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Coming up, it's Lighting Fill In The Blank, but first it's the game where you have to listen for the rhyme. If you'd like to play on air, call or leave a message at 1-888-WAIT-WAIT. That's 1-888-924-8924, or click the contact us link on our website, waitwait.npr.org. There you can find out about attending our weekly live shows here at the Chase Bank Auditorium in Chicago and our March 12 show in New Orleans. Also, check out our sister podcast How To Do Everything. This week, Mike and Ian torture beloved public radio personality Peter Sagal.


SAGAL: Hi, you're on WAIT WAIT ...DON'T TELL ME.

JOAN HODGES: Hi my name is Joan, and I'm calling you from Richmond, Va.

SAGAL: How are things in Richmond?

HODGES: Richmond is fine. We didn't get any big blizzard or anything so we're all hanging in there.

SAGAL: Well, I'm sorry you didn't get a blizzard buddy then.


TOM BODETT: In Vermont, your blizzard buddy is the people who go in the ditch in front of your house.


PETER GROSZ: Can I use your phone?

SAGAL: Anyway, Joan, welcome to the show. Bill Kurtis right here is going to perform for you three news-related limericks with the last word or phrase missing from each. Just fill in that last word or phrase correctly on two of them, and you'll be a winner. Are you ready to go?

HODGES: OK, I'm going to try. Thank you.

SAGAL: Here's your first limerick.

BILL KURTIS, BYLINE: If your kids have retained what you taught 'em, it's 'cause mom grew quite big as she got 'em. Her jeans have been kind, and they're not left behind 'cause their mom had a real ample...

HODGES: Bottom.

SAGAL: Yes, bottom.


SAGAL: According to a new study, in moms with big butts tend to have smarter babies. The reasoning is that the fat in a woman's butt and thighs contain valuable, organic, biological components that are used to build a child's nervous system, which is surprising because who knew brains were made of Haagen-Dazs?


BODETT: Sounds like we have a generation of geniuses coming up in this country, don't we?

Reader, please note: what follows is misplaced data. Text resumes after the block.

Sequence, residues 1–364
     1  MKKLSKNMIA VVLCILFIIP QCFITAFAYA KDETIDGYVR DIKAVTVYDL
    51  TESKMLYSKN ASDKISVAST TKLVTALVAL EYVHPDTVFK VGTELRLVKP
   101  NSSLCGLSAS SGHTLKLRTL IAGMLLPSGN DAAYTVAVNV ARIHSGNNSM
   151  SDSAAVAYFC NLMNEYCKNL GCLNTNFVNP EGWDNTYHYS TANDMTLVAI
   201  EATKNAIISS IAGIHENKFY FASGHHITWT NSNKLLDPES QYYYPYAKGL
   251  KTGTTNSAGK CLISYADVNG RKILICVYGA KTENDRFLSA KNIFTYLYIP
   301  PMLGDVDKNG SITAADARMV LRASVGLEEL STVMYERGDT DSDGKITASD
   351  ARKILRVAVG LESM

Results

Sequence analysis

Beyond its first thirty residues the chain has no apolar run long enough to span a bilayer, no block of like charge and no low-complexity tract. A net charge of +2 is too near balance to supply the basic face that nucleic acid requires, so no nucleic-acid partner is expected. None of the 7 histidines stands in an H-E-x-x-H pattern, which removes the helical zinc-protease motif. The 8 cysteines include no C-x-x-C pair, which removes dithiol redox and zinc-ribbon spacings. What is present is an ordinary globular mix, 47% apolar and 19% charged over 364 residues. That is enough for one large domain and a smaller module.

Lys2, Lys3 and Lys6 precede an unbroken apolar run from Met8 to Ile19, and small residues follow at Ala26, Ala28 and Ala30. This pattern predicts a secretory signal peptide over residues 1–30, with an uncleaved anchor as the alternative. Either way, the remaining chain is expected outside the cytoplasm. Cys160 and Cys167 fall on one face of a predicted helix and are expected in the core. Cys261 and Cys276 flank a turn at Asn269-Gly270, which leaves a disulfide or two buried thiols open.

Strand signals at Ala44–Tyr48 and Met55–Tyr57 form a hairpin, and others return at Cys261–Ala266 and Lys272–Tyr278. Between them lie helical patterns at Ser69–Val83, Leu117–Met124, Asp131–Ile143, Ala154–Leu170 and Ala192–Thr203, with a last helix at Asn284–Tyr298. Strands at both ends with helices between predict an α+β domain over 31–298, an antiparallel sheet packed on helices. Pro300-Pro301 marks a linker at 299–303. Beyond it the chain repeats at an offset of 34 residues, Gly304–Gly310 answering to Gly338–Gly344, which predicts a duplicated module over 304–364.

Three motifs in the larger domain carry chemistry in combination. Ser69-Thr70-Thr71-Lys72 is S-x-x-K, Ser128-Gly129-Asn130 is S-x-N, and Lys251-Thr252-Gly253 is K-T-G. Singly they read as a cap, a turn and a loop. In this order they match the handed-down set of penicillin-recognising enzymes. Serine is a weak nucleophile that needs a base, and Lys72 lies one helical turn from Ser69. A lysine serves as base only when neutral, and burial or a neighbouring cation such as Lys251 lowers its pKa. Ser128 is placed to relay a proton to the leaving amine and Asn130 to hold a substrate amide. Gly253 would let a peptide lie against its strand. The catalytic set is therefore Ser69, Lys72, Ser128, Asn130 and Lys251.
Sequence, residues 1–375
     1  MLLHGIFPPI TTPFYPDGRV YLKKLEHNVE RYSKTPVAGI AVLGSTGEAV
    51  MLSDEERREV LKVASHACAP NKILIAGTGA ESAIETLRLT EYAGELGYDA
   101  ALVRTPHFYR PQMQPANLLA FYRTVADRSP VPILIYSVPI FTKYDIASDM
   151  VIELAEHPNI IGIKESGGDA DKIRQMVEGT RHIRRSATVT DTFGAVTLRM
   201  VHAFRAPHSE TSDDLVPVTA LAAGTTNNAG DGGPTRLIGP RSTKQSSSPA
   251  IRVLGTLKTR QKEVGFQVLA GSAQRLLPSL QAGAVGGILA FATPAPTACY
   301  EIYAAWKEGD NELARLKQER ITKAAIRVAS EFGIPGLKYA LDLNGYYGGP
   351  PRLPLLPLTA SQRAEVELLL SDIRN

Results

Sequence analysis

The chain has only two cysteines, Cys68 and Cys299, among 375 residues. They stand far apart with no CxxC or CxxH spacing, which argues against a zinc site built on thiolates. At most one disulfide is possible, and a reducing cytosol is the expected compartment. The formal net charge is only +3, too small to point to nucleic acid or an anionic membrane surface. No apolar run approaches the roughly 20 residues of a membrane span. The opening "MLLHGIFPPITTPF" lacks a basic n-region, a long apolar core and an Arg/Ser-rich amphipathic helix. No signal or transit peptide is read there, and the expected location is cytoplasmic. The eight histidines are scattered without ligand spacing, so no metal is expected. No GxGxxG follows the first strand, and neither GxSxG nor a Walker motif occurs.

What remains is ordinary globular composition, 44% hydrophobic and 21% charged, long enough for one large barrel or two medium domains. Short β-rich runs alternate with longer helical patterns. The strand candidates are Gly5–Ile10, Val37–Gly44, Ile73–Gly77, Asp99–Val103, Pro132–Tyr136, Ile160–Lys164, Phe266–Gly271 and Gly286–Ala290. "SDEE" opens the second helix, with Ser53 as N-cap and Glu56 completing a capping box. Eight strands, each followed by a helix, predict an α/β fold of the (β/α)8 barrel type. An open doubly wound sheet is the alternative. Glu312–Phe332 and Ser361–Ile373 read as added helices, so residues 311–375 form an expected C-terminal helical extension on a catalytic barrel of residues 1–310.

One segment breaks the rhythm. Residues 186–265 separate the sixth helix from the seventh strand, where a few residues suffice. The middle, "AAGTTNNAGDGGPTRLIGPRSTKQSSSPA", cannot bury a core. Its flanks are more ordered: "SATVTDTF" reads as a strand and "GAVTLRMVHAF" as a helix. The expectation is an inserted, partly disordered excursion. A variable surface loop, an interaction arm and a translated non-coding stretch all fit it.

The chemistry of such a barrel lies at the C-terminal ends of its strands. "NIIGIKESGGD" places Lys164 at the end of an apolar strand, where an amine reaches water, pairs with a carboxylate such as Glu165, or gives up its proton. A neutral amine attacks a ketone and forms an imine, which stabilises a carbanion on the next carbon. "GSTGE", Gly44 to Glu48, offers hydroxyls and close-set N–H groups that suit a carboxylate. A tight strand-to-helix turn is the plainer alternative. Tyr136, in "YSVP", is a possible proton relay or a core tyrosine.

SAGAL: We do. The study came from the same researchers who discovered correlation between men who like big butts and those who cannot lie.


GROSZ: I hope that women now will be like, I can't have that chocolate. It's going to go straight to my child's brain.

SAGAL: Yeah.


SAGAL: Here is your next limerick.

KURTIS: Here's the gist of a new PR fable. Mickey D's is a lush, high-class label. They want to preserve us by upping their service. Now waiters brings food to our...

HODGES: Tables.


KURTIS: Table it is.


SAGAL: McDonald's, the original and most widespread fast food restaurant, is adding table service; the perfect amenity for anybody who's ever been to a McDonald's and said, man, I wish I could spend more time here.


SAGAL: They're putting in little screens like little tablets where you can place your order right at the table. And then somebody will bring it to you. So they're eliminating the counter, cash registers. Pretty soon the play space ball pit will be BYO balls.


SAGAL: Looking forward to the waiter coming to your table - good evening, how are you? May I recommend getting out of here as soon as possible.


SAGAL: Here is your last limerick.

KURTIS: In the world of the clever craft brewer, new gimmicks are fewer and fewer. Our water we'll gain from the sludge from your drain. We'll use water we get from the...

HODGES: Oh, no. It's the sewer.

SAGAL: Oh, yes it is.


SAGAL: A few weeks ago, we reported on this new, Icelandic craft beer made from whale testicles. And if when we mentioned that you lost your lunch, good news, your lunch is coming back to you. A Portland brewery is making beer from recycled sewage water. It's been retreated; made safe for human consumption. It means that you'll be drinking beer made from another person's former beer.


SAGAL: By the way, it's not a special edition or anything. The reason it tastes like asparagus is because of poor quality control.


SAGAL: Bill, how did Joan do?

KURTIS: Joan was just perfect.


SAGAL: Wonderful. Congratulations.

KURTIS: Congratulations.

SAGAL: Thanks Joan.

(APPLAUSE) Transcript provided by NPR, Copyright NPR.

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